What are the maximum penalties for committing any of the new offences? 

For producing, supplying, intending to supply, importing or exporting a psychoactive substance the maximum sentence is 7 years imprisonment, or a fine, or both.

Where a person is convicted of possessing a psychoactive substance in prison they will face a prison sentence of up to two years.

I have a headshop or online business supplying a psychoactive substance, what should I do?

From 26 May 2016 the supply of psychoactive substances became illegal. You should consider closing the shop down and should not supply or export legal highs. If you replenish your stock levels by importing further legal highs from 26 May you could be committing an offence.

You should also consider destroying your stock in order to avoid any potential issues regarding an inference of possession with intent to supply.

Be aware, that some headshops and other businesses may be served with prohibited activity notices or premises notices. The new law defines producing, supplying, importing, exporting and offering to supply psychoactive substances as a prohibited activity. Councils and the police have the power to serve prohibition or premises notices on businesses and individuals who are carrying out prohibited activities.

There can be severe costs implications for non-compliance with a premises notice or prohibited activity notice and any person or business failing to comply can be sentenced to a fine or a prison sentence of up-to 12 months. If you have been served with a notice and require compliance advice please contact Ison Harrison.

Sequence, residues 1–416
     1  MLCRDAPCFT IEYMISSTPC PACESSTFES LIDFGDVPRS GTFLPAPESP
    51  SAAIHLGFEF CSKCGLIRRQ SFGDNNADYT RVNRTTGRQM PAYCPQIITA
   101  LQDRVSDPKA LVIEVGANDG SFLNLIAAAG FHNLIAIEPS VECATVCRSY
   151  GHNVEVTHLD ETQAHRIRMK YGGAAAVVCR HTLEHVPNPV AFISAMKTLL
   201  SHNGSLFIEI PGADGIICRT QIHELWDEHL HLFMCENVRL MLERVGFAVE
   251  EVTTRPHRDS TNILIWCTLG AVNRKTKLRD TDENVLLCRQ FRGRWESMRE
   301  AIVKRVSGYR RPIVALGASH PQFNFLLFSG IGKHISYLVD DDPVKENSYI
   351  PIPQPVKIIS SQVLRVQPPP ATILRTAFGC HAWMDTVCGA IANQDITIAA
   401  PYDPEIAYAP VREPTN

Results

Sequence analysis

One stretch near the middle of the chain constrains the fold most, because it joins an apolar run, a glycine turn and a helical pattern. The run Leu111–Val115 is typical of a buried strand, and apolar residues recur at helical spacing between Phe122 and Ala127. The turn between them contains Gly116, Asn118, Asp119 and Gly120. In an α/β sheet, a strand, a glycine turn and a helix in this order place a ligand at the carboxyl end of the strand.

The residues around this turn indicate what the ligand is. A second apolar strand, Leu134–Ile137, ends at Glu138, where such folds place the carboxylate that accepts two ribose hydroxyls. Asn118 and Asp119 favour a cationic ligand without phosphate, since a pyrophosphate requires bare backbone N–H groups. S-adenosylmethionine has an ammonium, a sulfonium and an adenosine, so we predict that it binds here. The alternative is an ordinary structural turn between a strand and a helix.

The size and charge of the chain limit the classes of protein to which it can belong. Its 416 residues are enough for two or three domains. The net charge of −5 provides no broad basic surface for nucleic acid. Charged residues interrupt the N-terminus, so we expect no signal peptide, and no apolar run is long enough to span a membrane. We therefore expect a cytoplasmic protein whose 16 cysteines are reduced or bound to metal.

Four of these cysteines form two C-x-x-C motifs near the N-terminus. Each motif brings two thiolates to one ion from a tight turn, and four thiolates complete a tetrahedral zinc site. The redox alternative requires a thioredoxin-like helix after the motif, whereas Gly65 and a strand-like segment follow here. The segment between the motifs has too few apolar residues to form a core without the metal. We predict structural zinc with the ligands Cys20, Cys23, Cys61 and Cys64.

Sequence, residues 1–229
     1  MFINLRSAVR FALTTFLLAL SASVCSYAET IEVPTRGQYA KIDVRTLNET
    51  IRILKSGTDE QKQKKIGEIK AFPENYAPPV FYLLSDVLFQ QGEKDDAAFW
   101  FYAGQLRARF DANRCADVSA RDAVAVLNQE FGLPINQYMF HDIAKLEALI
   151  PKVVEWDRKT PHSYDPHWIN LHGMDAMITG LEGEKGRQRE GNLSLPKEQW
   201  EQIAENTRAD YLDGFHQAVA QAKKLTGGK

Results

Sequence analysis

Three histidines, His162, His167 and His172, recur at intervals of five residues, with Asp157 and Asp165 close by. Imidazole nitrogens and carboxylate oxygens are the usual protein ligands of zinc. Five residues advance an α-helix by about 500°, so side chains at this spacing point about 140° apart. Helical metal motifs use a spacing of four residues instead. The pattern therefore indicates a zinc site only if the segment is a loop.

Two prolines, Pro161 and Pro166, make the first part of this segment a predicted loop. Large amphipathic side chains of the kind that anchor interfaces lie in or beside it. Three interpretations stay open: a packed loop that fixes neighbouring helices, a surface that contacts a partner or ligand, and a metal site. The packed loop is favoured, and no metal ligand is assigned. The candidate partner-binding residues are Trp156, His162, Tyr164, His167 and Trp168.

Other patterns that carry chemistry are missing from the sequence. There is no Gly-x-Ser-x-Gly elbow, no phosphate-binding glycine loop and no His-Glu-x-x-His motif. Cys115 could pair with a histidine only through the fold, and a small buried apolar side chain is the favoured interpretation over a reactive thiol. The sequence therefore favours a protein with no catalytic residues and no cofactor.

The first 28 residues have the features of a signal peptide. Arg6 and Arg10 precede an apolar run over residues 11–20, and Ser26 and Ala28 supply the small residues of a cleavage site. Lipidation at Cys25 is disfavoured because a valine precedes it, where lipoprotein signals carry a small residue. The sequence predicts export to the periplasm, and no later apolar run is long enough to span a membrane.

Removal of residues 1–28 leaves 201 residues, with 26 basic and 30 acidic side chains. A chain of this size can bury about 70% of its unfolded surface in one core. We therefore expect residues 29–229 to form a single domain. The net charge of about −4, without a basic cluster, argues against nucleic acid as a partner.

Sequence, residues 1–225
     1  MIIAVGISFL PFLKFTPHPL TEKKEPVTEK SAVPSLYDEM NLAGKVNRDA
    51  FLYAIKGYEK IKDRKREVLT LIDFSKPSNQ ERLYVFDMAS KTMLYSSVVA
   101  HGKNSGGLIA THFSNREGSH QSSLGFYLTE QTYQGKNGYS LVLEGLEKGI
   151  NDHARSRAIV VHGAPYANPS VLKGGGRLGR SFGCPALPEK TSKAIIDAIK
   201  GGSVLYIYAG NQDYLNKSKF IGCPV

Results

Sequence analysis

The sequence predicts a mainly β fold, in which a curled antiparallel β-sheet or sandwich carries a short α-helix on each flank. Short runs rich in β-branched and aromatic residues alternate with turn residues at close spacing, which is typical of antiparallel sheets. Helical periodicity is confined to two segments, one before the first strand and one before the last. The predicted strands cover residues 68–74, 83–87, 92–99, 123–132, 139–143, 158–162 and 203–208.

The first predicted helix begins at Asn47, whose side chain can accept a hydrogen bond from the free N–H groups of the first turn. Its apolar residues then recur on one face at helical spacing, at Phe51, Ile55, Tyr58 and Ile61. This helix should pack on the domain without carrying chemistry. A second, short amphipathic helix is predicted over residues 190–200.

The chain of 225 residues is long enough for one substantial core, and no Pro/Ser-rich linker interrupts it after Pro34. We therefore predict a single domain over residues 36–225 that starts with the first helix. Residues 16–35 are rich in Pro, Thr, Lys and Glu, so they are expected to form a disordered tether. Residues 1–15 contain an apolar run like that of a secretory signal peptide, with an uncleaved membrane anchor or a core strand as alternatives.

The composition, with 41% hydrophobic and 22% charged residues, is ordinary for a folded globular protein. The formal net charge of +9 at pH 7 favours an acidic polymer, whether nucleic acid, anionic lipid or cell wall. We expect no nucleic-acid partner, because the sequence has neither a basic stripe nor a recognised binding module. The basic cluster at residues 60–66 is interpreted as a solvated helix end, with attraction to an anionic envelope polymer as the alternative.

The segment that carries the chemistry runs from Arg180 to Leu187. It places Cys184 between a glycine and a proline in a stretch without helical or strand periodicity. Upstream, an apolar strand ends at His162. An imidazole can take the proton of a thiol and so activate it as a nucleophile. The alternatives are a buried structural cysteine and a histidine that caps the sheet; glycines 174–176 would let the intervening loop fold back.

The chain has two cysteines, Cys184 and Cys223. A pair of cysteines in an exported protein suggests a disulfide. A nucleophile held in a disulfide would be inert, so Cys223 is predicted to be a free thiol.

I bought some legal highs but have not used them. Am I breaking the law if I keep them or take them?

No. Possession or consumption of a psychoactive substance is not an offence. It is legal to possess the substance and use it, but you must not supply, offer to supply, or take the item into prison.

If you have a large quantity of legal highs you should also consider whether to dispose of them in order to avoid any potential issues regarding an inference of possession with intent to supply.

The police have powers to seize legal highs and test them to see if they contain controlled drugs. All users should be aware that certain legal highs might contain illegal substances. Anyone attending a festival or club in possession of legal highs should expect to be ejected and have the substances confiscated. It is also likely that the police could  be called to test the substances for the presence of illegal drugs.

What about medical use, or scientific research?

The act allows registered health care professionals to supply products which would otherwise be caught by the act to patients. It also allows approved scientific research to take place into any psychoactive substance.

What about poppers?

Amyl Nitrates / Poppers are not included in the ban. This appears at first to be incongruent with the remit of the legislation, however, the effect produced by poppers is a ‘peripheral effect’ on the brain, rather than the central nervous system so they are not caught by the act.

Share this...